Both Dewey and Hua-yen Buddhists place this critique of substantial personal identity within a broader critique of substantial metaphysics. They argue that not just all people, but all things are insubstantial. Dewey’s analysis begins with what he calls the philosophical fallacy. This fallacy “consists in the supposition that whatever is found true under certain conditions may forthwith be asserted universally or without limits and conditions.” Philosophers generalize from specific cases to universal truths. Philosophers also tend to objectify and reify generalized objects, making them into substantive causes for events. Dewey writes that we “convert consequences of interaction of events into causes of the occurrence of these consequences.” Dewey’s favorite example of this is the philosophical objectification of mind. In assuming a dualistic metaphysics, philosophers often reify and objectify consciousness or mind. In fact, Dewey argues that consciousness is an eventual function of complex organism-environment relations. He writes, “Perceptive consciousness is a process, a series of heres and nows.” Mind is enduring and contextual and provides shades of background meaning for the flights of consciousness. But it too is intermediate and relational. In claiming that the mind or consciousness exists prior to events and is substantial we are guilty of the philosophical fallacy, of objectifying and reifying what are properly seen as processes and consequences.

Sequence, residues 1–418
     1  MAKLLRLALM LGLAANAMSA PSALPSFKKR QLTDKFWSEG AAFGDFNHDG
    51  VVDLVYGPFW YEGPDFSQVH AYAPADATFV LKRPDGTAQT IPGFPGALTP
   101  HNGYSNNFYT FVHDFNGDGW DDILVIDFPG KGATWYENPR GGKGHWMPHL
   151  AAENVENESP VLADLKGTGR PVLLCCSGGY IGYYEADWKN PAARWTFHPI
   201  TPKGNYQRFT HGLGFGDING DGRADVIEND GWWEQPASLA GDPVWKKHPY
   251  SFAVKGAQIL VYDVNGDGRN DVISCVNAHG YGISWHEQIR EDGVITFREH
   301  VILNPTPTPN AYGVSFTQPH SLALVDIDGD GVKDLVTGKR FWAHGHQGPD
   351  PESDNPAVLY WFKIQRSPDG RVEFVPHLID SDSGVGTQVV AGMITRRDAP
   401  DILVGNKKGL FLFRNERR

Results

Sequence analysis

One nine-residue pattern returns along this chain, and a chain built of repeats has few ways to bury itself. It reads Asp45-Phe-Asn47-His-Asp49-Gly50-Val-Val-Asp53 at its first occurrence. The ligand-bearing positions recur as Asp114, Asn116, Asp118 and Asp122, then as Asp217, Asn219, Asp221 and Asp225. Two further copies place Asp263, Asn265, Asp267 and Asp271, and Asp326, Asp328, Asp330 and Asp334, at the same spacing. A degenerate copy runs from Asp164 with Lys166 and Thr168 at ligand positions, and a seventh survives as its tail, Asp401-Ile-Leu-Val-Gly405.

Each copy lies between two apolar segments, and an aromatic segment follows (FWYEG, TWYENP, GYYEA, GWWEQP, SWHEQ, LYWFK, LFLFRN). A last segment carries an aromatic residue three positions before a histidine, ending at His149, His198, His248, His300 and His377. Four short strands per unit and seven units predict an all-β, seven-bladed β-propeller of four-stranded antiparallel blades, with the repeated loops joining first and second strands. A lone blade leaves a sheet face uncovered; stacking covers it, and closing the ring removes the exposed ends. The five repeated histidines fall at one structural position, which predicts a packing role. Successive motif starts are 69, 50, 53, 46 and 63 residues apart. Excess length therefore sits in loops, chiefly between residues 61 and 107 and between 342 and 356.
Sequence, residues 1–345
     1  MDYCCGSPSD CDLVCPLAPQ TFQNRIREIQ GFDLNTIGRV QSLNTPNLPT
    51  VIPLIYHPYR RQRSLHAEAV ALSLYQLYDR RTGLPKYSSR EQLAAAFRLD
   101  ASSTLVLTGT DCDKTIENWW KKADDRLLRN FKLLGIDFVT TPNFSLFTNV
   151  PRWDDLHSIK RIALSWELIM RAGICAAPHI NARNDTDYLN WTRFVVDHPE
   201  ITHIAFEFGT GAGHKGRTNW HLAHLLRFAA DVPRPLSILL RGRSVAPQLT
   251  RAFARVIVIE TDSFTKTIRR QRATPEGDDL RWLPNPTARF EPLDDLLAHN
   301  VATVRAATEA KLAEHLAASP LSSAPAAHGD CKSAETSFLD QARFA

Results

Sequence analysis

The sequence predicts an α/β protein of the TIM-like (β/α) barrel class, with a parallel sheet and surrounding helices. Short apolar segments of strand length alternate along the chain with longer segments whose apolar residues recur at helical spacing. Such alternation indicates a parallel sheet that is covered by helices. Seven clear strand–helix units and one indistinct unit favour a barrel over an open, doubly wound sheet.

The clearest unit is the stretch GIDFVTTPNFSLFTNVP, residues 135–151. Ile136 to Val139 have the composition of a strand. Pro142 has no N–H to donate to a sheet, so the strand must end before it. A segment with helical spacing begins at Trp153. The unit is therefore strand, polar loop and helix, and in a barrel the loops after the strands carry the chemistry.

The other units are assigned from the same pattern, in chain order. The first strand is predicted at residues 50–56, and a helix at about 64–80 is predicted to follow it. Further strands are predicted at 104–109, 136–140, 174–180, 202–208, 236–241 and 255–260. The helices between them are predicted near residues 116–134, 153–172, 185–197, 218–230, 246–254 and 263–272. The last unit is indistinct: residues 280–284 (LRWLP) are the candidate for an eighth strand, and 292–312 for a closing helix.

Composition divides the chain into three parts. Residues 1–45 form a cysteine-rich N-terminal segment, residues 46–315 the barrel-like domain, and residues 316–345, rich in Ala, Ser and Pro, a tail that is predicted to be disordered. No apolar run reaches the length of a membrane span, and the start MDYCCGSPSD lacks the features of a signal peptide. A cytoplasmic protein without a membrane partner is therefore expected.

In Experience and Nature, John Dewey extends his anti-substantialist metaphysics to all things. He writes, “The stablest thing we can speak of is not free from conditions set to it by other things.” We commit the philosophical fallacy anytime we explicitly or implicitly posit a substantive object in place of temporal and relational events. Since all things are conditional, all things are temporal. Or, as Dewey puts it, “Every existence is an event.” Events exist within, and for a limited, time. The conditional nature of existence implies that all things come into existence at a particular time in consequence of particular conditions and all things pass away also as a result of conditions. Nothing exists independently; nothing exists atemporally.